Superior Plumbing Inc in West Orange, NJ with Reviews -
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By: Donatella R.
Paul Ianiro Contractors Co
Deborah M you failed to mention that when we went to remove the tank the gas line was over the tank therefore we had to remove it by hand.when you came to the office to give a deposit you also said that you were not in a rush
By: Deborah M.
Paul Ianiro Contractors Co
Contracted them to remove my underground oil tank, took them 18 months to complete job. Each time I called to ask what holdup was, they kept telling to to call in a few months to remind them. They took out permit with town, work not preformed so permit expired! They finally removed work and was told by town another permit was needed. Then he has the ordisity to charge me $600.00 over quote for BS additional labor!!! Used him 3 time , recommended him but it ENDS now!!!
By: jomontana
Luigi Construction
Stay away from this little time crook.He asked a huge price for a job to be done at my home.After negociations we lowered the price a bit, but he never ever came to do the job.Calling him he just promised, never kept his word and the water kept getting in my house.I would never ever use his service again!!!
Tips & Advices
If there is ever a dispute regarding payment over the course of the project, a contractor or subcontractor could place a payment claim, or lien, on your property. To avoid this, ask the contractor to sign a lien release, which is a legal agreement that states that any payment accepted is final. This can come in handy if a contractor has his or her own payment issues with their subcontractors. Signing a lien release form certifies that any payment made by a client to the contractor is enough to pay for any goods or services rendered.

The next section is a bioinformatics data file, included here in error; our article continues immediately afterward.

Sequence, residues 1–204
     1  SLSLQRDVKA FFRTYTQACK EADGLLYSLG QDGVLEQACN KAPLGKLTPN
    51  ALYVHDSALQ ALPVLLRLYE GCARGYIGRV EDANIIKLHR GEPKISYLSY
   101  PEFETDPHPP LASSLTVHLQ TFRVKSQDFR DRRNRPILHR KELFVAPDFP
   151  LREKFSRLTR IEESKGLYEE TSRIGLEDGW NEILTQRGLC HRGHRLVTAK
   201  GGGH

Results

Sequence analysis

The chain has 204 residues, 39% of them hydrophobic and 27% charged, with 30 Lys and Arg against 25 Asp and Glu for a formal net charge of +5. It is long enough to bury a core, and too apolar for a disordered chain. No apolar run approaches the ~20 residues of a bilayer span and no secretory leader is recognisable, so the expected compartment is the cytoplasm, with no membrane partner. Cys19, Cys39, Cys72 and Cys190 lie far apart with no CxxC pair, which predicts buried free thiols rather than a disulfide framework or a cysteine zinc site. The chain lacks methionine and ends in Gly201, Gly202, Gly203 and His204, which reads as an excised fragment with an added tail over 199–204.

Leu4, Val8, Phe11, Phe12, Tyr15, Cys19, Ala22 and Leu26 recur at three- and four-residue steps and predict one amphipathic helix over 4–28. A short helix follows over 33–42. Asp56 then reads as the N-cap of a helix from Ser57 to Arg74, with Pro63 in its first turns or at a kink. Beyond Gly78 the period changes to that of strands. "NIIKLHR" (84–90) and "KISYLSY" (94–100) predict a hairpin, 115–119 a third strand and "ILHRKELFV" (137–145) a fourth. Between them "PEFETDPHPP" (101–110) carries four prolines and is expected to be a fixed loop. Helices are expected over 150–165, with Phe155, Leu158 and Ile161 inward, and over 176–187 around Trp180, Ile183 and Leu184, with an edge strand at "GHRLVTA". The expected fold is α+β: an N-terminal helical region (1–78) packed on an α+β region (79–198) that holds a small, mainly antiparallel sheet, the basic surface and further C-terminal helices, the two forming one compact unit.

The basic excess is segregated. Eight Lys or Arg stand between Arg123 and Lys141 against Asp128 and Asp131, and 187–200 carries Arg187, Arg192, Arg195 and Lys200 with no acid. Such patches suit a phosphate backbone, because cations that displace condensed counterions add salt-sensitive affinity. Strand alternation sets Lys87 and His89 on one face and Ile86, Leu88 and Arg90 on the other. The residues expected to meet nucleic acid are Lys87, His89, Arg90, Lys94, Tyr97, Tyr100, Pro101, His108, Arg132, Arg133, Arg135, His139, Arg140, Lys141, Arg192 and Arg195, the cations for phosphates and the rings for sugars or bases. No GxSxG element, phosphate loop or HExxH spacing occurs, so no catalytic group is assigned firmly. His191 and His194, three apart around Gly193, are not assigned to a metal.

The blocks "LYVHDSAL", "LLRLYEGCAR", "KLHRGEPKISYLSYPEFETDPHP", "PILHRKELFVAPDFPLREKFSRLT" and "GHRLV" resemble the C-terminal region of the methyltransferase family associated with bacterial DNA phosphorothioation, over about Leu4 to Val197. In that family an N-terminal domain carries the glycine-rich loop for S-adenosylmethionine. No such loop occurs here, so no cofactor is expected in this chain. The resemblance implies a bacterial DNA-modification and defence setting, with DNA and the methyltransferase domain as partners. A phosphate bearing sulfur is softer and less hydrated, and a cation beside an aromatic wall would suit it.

Absolutely ask. Paying too much up front offers the homeowner minimal leverage if the quality of work does not meet expectations or contractual specifications. Try to establish a reasonable pay schedule, such as paying 10 percent of the total cost for each 10 percent of the work that is completed. Include this payment plan in the contract, as well.
Before any money changes hands, there should be a contract to sign. Make sure the specifics of the work and all costs are listed in the contract, including details. If you forget to have something included in the contract after signing it, there's rarely a chance of recourse.
Ask the contractor for proof of their certification before signing anything, as well as their proof of insurance. You should also check your homeowners insurance policy to see if they offer coverage for contracted work. You may want to call your insurance provider and ask for more details on what your plan will and won't cover.
Yes. Plans for how the work site will be cleaned at the end of each day as well as at the conclusion of work need to be put in writing. An experienced general contractor should make every effort to keep the workspace clean and prevent dirtying or damaging any other area. Even so, talk with the contractor about the daily schedule, the logistics of transporting workers and equipment, and how cleanup will be handled.

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